Shekel Weakens Most Since January as Stocks Rise on Rate Cut

The shekel weakened the most in more than four months after the Bank of Israel’s surprise interest rate cut and vow to buy as much as $2.1 billion in 2013 to curb the currency’s appreciation. Stocks rose the most in almost three months.

The shekel depreciated 0.9 percent to 3.6026 a dollar, the most since Jan. 3, at 5:04 p.m. in Tel Aviv. The currency has strengthened 8.9 percent in the past six months, the second-best performer after the Mexican peso among 31 major currencies tracked by Bloomberg. The TA-25 Index of stocks climbed 1 percent, the most since Feb. 20. Israel’s benchmark 10-year bonds also rose.

“This is welcome news for the capital markets,” said Jonathan Katz, a Jerusalem-based economist for HSBC Holdings Plc. “I thought the central bank would loosen monetary policy, but this came before we expected. It complements a tightening of fiscal policy.”

The central bank cut the benchmark lending rate by a quarter point to 1.5 percent and announced a new program to purchase foreign currency, according to an e-mailed statement. The shekel’s appreciation, the start of natural gas production from the Tamar field and interest rate cuts by regulators, including the European Central Bank, were cited among reasons for the decisions.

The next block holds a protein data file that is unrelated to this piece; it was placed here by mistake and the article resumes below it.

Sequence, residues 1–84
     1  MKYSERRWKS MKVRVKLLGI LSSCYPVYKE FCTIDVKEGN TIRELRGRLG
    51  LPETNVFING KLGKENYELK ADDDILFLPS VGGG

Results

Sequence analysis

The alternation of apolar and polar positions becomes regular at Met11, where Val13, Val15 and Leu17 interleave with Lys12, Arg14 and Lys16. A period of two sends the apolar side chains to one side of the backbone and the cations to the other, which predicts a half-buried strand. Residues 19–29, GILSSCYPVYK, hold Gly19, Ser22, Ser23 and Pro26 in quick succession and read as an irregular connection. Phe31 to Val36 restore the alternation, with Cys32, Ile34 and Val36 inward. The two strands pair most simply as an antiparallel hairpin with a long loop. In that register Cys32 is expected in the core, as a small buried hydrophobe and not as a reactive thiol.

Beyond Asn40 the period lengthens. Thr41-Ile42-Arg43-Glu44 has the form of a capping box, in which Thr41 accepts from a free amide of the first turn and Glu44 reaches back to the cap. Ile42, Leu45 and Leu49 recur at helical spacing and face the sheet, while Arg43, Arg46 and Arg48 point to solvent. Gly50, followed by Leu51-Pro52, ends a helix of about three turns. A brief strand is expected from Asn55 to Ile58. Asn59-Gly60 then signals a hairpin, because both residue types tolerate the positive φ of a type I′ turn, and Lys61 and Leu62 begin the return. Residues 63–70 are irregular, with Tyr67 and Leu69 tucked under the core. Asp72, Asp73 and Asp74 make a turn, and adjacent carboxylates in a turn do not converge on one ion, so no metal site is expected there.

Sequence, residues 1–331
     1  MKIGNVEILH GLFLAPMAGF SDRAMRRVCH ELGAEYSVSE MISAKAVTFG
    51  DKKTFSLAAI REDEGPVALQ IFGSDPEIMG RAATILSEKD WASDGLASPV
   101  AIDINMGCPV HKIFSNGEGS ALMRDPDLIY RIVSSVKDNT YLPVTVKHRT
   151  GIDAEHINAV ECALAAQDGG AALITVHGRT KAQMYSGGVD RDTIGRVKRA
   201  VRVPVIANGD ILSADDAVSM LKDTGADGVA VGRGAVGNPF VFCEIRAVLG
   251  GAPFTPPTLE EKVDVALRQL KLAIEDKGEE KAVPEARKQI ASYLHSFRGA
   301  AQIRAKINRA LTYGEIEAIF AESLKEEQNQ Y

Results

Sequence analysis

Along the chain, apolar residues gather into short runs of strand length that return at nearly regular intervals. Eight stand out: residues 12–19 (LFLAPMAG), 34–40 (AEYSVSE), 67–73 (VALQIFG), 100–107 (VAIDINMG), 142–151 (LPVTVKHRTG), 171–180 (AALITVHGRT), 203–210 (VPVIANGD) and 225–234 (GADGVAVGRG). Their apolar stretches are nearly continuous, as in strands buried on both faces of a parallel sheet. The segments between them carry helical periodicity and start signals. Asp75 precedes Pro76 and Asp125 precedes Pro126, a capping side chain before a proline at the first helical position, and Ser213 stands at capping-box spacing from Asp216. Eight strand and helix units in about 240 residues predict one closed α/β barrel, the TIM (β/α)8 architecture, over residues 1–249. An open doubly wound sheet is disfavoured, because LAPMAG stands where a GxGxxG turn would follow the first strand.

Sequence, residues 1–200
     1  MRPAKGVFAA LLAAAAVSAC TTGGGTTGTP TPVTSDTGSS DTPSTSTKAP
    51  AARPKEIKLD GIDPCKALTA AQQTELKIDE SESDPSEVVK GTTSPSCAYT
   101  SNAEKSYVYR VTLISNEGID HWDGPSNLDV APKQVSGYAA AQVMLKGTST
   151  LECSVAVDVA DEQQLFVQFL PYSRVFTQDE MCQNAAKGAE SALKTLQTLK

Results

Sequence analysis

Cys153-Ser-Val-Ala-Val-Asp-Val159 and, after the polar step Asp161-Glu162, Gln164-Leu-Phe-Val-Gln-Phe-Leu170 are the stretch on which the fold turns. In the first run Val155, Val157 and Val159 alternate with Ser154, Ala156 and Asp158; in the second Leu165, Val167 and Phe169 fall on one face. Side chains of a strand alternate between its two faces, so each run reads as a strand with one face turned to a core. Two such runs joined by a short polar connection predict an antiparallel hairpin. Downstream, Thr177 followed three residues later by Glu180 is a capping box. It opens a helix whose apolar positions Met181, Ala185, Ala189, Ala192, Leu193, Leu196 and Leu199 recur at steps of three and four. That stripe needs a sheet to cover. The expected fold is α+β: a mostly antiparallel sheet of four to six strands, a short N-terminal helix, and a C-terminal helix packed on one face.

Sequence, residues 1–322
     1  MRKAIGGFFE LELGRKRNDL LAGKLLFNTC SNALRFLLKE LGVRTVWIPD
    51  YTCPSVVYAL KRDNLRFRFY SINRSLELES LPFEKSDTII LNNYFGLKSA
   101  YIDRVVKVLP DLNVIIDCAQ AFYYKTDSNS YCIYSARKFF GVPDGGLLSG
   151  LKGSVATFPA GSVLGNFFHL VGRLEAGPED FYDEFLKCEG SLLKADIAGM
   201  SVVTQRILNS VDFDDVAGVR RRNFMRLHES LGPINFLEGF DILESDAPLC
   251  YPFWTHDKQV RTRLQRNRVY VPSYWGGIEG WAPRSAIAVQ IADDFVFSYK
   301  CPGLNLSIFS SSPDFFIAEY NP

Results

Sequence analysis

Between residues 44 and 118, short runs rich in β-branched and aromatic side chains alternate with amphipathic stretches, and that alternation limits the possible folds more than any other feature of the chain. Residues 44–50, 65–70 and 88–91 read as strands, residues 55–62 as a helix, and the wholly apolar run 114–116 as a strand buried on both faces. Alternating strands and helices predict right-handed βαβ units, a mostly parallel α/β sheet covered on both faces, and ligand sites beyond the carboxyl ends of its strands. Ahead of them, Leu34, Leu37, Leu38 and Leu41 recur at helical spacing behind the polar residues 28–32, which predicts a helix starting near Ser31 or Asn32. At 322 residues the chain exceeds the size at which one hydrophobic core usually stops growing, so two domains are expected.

The Tamar field, which began production at the end of March, will put Israel on the road to energy independence and improve its current-account balance by as much as $3 billion this year, according to the central bank. For every $1 billion improvement in the current-account, the shekel appreciates about 1 percent, the Bank of Israel estimates.

The yield on the 4.25 percent benchmark notes due March 2023 fell three basis points, or 0.03 percentage point, to 3.51 percent.

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